13th Street bridge could take six years

A federal grant will fund construction of a bridge over the Santa Maria creek bed on 13th Street, giving residents an easier route to reach the Ramona Library and the downtown area from Walnut Street.
A federal grant will fund construction of a bridge over the Santa Maria creek bed on 13th Street, giving residents an easier route to reach the Ramona Library and the downtown area from Walnut Street.

By Karen Brainard

By the year 2017, Ramonans should be able to drive the 13th Street stretch from Main to Walnut Street without having to dodge deep ruts in the road or take a dip into the Santa Maria creek bed.

San Diego County Department of Public Works (DPW) received notification in June that a federal grant was approved to construct a bridge for the “dip section” on 13th Street, said Terry Rayback, a program manager with DPW’s land use and environment group.

With Ramona’s new library built at the corner of Main and 13th streets, many residents have pushed for improvements to the side street that turns into a rutted dirt road as it heads north of the library to Walnut Street.

Rayback said the road will be entirely paved, along with the addition of a bridge.

The Federal Highway Administration (FHWA), through its bridge program, approved the funding for the project for the next several years, said Rayback.

The total estimate for the project is $10 million, but the funding will be issued in phases, said Rayback.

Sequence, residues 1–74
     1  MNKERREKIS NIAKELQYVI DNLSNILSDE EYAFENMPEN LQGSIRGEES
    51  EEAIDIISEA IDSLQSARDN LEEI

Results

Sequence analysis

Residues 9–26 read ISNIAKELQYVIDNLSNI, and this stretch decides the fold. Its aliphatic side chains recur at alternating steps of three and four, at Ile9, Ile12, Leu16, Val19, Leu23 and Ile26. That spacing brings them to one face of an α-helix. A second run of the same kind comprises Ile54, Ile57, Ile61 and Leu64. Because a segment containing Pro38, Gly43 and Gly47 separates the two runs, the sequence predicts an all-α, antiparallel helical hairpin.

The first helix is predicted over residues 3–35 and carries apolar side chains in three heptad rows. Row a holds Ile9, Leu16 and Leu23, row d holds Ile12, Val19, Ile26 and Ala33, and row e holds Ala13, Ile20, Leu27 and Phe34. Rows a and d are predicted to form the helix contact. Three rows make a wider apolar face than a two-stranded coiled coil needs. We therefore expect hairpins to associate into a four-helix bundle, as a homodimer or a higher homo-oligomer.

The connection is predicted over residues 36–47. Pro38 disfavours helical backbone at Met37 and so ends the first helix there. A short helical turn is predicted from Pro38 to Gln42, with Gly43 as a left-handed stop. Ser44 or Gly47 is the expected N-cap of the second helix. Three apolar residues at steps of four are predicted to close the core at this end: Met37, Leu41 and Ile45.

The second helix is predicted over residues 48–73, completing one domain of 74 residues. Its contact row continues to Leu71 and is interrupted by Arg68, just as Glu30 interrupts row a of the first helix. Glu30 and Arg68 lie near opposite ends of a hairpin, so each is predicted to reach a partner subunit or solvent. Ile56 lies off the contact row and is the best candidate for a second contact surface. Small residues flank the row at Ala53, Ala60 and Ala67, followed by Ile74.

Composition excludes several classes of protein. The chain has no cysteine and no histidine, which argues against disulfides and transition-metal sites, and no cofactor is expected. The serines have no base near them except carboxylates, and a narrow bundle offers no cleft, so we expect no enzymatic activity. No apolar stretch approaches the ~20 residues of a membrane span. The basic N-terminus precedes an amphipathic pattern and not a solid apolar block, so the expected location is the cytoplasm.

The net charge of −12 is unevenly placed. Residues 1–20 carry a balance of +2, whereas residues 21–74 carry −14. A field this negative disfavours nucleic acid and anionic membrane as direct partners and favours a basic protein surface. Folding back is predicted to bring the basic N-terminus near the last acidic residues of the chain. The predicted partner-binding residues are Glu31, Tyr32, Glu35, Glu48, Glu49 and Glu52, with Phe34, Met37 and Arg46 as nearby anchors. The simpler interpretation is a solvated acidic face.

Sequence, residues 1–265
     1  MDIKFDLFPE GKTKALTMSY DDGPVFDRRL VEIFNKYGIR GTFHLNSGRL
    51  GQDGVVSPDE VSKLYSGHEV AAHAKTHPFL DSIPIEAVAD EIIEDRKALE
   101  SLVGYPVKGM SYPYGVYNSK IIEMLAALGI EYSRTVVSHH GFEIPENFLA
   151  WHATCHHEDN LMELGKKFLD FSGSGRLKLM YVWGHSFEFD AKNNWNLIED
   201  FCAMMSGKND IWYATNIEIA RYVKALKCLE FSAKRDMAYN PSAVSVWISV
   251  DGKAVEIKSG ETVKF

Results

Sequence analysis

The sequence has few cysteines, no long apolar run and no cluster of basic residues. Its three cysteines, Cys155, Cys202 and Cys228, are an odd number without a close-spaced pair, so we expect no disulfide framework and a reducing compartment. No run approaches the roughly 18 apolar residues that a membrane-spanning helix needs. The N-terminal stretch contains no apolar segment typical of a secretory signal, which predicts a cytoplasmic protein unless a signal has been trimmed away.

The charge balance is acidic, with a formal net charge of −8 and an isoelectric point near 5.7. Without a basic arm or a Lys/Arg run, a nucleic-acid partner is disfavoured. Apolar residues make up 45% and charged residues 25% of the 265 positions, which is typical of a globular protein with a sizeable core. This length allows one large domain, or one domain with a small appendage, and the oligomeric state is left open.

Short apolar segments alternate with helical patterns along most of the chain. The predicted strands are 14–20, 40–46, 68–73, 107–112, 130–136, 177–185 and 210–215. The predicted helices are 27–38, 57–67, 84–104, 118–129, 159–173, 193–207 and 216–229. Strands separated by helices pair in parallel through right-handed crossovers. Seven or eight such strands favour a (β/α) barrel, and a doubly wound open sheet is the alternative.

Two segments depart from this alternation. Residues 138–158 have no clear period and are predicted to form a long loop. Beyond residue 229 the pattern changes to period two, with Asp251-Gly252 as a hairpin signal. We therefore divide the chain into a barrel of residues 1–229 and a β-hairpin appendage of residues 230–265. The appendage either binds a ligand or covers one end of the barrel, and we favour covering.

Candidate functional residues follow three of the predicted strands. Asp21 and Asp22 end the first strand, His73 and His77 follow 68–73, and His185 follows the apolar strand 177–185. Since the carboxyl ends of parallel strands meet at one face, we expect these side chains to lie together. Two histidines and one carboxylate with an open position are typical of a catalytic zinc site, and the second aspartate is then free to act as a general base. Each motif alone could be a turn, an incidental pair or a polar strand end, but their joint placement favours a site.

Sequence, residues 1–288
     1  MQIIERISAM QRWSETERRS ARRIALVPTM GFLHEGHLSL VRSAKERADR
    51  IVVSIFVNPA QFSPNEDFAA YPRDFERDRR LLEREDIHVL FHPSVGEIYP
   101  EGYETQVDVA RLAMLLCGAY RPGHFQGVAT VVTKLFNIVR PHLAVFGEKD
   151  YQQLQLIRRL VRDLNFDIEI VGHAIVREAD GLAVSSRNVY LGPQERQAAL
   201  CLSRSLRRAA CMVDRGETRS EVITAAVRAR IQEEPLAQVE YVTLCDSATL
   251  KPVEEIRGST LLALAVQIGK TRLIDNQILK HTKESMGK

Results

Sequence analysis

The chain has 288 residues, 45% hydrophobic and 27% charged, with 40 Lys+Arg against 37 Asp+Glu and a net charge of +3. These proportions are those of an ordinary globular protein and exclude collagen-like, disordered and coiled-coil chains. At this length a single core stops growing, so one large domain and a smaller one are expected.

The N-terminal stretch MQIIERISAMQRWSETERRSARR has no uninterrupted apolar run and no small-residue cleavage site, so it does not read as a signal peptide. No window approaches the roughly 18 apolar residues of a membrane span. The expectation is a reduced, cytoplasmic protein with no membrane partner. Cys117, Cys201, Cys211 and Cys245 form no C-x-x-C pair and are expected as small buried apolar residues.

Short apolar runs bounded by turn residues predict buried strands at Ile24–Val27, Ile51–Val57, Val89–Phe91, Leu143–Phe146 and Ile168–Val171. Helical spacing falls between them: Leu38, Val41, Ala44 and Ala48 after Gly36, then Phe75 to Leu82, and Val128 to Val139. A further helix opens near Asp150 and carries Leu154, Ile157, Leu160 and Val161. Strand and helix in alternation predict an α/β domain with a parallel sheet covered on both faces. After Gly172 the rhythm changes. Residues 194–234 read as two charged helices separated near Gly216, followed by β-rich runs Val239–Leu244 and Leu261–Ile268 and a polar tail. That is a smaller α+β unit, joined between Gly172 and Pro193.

“They approve it and for each phase we put in requirements for the next phase,” he explained.

Funding for the initial phase is $750,000, which is for the environmental work and design.

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The county anticipates a complicated environmental process for the 13th Street bridge project because of the vegetation in the Santa Maria creek bed. Sentinel photos/Karen Brainard

“The environmental document is a major amount of work in bridge planning,” Rayback said, noting that many different species are found when working around water habitat.

Jill Bankston, the program manager for the project, said she anticipates they will find two or three endangered species, which could complicate the process.

As for a project timeline, Rayback said the department is planning it will seek authorization from the county supervisors for a construction contract in mid-2015. It will take about two years to construct the bridge, he said.

   
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